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Quarterman v. Spirit Line Cruises, LLC

United States District Court, D. South Carolina, Charleston Division

February 1, 2016

Victor R. Quarterman and Cynthia Quarterman, Plaintiffs,
v.
Spirit Line Cruises, LLC; Stanley Steemer of Charleston, Inc.; The Harbor Company, LLC, in personam, and M/V Spirit of Carolina her engines, bowspirit, anchor, cables, chains, rigging, tackle, apparel, furniture, and all accessories hereunto belonging to her, in rem. Defendants.

ORDER

PATRICK MICHAEL DUFFY, UNITED STATES DISTRICT JUDGE.

This matter is before the Court on Spirit Line Cruises, LLC, the Harbor Company, LLC, and M/V Spirit of Carolina’s[1] Motion for Summary Judgment (ECF No. 55), Motion in Limine to exclude John Smith as an expert witness (ECF No. 58), Motion in Limine to exclude post-deposition, new opinions of Curtis D. Haskins, M.D. (ECF No. 62), and Motion in Limine to exclude documents produced after the close of discovery (ECF No. 83). Also before the Court are Plaintiffs’ Motion to Compel (ECF No. 64), Motion for a Negative Presumption (ECF No. 65), and Motion for Partial Summary Judgment (ECF No. 66), BACKGROUND

This action arises out of an accident that occurred on February 15, 2011, when Victor Quarterman[2] was aboard the M/V Spirit of Carolina to address a problem with the vessel’s sound system. That same day, Spirit replaced the liquor cabinet on the vessel and had its carpets cleaned by Defendant Stanley Steemer. Early that day, Spirit’s crew members removed the liquor cabinet and placed it on the bow of the second deck of the vessel, where it remained without incident for most of the day. Later that day, Stanley Steemer employees arrived to clean the inside carpets of the second deck of the vessel. Around the time the Stanley Steemer employees arrived, Plaintiff was installing an outdoor speaker on the second deck of the vessel with his co-worker, Daniel Fox. The liquor cabinet was situated on the deck somewhere behind them, and an employee of Stanley Steemer was allegedly on the other side of the liquor cabinet. The cabinet then fell, allegedly striking Plaintiff and Fox. After the cabinet fell, Fox immediately sought medical care, while Plaintiff declined to do so.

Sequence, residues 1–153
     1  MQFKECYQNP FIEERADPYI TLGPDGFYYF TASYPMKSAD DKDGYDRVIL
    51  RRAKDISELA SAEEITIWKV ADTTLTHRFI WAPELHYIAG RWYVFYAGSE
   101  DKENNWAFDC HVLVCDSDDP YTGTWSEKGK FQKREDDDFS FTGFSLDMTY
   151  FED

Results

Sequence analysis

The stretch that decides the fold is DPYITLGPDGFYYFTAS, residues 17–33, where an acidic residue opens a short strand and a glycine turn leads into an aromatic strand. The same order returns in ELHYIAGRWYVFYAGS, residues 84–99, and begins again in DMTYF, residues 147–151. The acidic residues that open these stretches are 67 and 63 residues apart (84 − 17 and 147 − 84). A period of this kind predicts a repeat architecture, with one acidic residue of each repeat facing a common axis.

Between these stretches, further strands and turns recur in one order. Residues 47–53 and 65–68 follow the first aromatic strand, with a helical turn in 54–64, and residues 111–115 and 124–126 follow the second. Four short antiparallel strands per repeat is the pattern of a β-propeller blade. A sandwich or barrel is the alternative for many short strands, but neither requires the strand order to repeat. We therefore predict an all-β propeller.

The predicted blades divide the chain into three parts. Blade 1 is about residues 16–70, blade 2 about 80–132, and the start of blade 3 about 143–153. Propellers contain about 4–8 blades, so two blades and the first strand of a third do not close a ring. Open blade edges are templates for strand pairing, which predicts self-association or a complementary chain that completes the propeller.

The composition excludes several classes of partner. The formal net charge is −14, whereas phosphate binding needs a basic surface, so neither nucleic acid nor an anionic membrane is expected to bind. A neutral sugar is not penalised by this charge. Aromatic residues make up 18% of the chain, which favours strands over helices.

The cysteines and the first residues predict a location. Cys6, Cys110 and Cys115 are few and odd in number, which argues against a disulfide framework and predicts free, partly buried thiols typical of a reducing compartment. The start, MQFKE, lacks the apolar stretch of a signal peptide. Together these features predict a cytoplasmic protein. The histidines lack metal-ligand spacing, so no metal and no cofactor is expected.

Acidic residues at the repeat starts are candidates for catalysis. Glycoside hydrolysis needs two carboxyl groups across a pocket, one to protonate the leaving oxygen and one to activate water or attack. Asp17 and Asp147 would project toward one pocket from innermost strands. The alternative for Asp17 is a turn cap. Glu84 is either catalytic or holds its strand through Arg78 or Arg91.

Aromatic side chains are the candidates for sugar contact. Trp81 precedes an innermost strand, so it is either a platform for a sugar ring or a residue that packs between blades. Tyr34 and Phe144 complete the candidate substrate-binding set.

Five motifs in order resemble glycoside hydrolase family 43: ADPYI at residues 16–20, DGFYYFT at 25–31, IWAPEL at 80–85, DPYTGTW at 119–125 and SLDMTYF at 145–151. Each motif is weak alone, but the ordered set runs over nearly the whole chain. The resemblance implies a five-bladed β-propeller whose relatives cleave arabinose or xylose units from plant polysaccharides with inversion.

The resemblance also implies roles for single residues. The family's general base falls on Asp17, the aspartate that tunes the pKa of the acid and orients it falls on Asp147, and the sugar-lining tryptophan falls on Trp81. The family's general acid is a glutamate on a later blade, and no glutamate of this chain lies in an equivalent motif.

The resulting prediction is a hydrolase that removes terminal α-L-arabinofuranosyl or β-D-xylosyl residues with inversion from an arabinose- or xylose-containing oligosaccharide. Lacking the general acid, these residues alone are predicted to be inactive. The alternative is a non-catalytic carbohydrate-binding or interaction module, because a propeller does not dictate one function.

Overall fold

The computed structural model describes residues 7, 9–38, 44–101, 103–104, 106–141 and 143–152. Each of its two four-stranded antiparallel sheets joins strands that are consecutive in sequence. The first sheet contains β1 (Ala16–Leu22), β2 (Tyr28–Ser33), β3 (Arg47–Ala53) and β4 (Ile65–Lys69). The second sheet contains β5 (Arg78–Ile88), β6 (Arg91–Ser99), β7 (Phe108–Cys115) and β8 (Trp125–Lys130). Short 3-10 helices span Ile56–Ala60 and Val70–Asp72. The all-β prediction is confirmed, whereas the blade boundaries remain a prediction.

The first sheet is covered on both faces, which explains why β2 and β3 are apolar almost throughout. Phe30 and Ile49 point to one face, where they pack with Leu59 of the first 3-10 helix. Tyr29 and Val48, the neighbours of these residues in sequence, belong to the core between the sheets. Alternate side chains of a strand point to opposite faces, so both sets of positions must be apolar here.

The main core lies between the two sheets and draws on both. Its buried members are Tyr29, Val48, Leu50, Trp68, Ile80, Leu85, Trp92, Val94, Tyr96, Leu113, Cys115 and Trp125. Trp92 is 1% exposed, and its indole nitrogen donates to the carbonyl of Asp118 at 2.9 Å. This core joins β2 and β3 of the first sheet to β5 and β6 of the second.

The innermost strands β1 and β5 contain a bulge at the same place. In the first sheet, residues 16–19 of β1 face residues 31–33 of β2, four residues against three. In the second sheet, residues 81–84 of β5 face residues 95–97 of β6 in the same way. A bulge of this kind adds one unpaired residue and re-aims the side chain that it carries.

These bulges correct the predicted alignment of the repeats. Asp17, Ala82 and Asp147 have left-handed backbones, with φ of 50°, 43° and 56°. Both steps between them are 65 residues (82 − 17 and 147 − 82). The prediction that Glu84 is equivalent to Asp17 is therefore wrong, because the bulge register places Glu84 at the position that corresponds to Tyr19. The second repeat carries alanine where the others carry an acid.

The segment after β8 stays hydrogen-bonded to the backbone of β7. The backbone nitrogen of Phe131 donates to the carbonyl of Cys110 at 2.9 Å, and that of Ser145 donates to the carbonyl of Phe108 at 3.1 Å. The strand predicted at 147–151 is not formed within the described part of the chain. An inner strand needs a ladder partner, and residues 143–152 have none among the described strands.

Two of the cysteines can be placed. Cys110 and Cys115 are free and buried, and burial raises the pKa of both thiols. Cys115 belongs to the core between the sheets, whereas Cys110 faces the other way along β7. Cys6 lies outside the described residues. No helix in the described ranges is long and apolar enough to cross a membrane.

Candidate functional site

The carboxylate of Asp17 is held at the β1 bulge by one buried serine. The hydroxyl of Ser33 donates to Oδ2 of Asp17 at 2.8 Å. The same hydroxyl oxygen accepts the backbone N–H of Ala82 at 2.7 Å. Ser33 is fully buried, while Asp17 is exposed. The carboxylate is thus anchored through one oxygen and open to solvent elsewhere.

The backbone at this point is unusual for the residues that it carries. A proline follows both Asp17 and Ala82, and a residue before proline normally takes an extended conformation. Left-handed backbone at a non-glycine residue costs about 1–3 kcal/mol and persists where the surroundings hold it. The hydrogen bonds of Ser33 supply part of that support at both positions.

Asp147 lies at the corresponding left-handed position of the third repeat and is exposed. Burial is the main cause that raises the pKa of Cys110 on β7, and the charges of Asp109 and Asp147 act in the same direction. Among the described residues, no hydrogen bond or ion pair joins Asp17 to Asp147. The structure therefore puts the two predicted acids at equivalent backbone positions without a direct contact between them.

PROCEDURAL HISTORY

Spirit filed its Motion for Summary Judgment on October 20, 2015. Plaintiffs and Stanley Steemer filed their Responses in Opposition on November 20. Spirit did not file a reply. Next, on October 23, Spirit filed two Motions in Limine seeking to exclude John Smith as an expert witness and to exclude Dr. Curtis Haskins’ new opinions. Plaintiffs filed their Responses in Opposition to both motions on November 20. Plaintiffs then filed a Motion for a Negative Presumption, a Motion to Compel, and a Motion for Partial Summary Judgment against Spirit on October 30. Spirit filed its Responses in Opposition to all three motions on November 30, and Plaintiffs filed a Reply for all three motions on December 10. Finally, Spirit filed a Motion in Limine on December 31, to which Plaintiffs responded on January 8, 2016. Accordingly, these matters are now ripe for consideration. The Court will address the summary judgment motions first. It will then address the remaining motions in the order in which they were filed.

Cross-Motions for Summary Judgment

LEGAL STANDARD

To grant a motion for summary judgment, a court must find that “there is no genuine dispute as to any material fact.” Fed.R.Civ.P. 56(a). The judge is not to weigh the evidence but rather must determine if there is a genuine issue for trial. Anderson v. Liberty Lobby, Inc., 477 U.S. 242, 249 (1986). All evidence should be viewed in the light most favorable to the nonmoving party. Perini Corp. v. Perini Constr., Inc., 915 F.2d 121, 124 (4th Cir. 1990). “[I]t is ultimately the nonmovant’s burden to persuade [the court] that there is indeed a dispute of material fact. It must provide more than a scintilla of evidence-and not merely conclusory allegations or speculation-upon which a jury could properly find in its favor.” CoreTel Va., LLC v. Verizon Va., LLC, 752 F.3d 364, 370 (4th Cir. 2014) (citations omitted). “[W]here the record taken as a whole could not lead a rational trier of fact to find for the non-moving party, disposition by summary judgment is appropriate.” Teamsters Joint Council No. 83 v. Centra, Inc., 947 F.2d 115, 119 (4th Cir. 1991). Summary judgment is not “a disfavored procedural shortcut, ” but an important mechanism for weeding out “claims and defenses [that] have no factual basis.” Celotex Corp. v. Catrett, 477 U.S. 317, 327 (1986).

ANALYSIS

Spirit and Plaintiffs have both moved for summary judgment on the question of liability. The Court declines to grant summary judgment to either party. The Court finds there are genuine issues of material fact as to the cause of the accident and whether Spirit’s storage of the cabinet on the deck was proper.[3] Accordingly, both Plaintiffs’ and Spirit’s motions are denied.

Spirit’s Motion to Exclude John Smith

LEGAL STANDARD

The introduction and admissibility of expert testimony is governed by Rule 702 of the Federal Rules of Evidence, which provides as follows:

A witness who is qualified as an expert by knowledge, skill, experience, training, or education may testify in the ...


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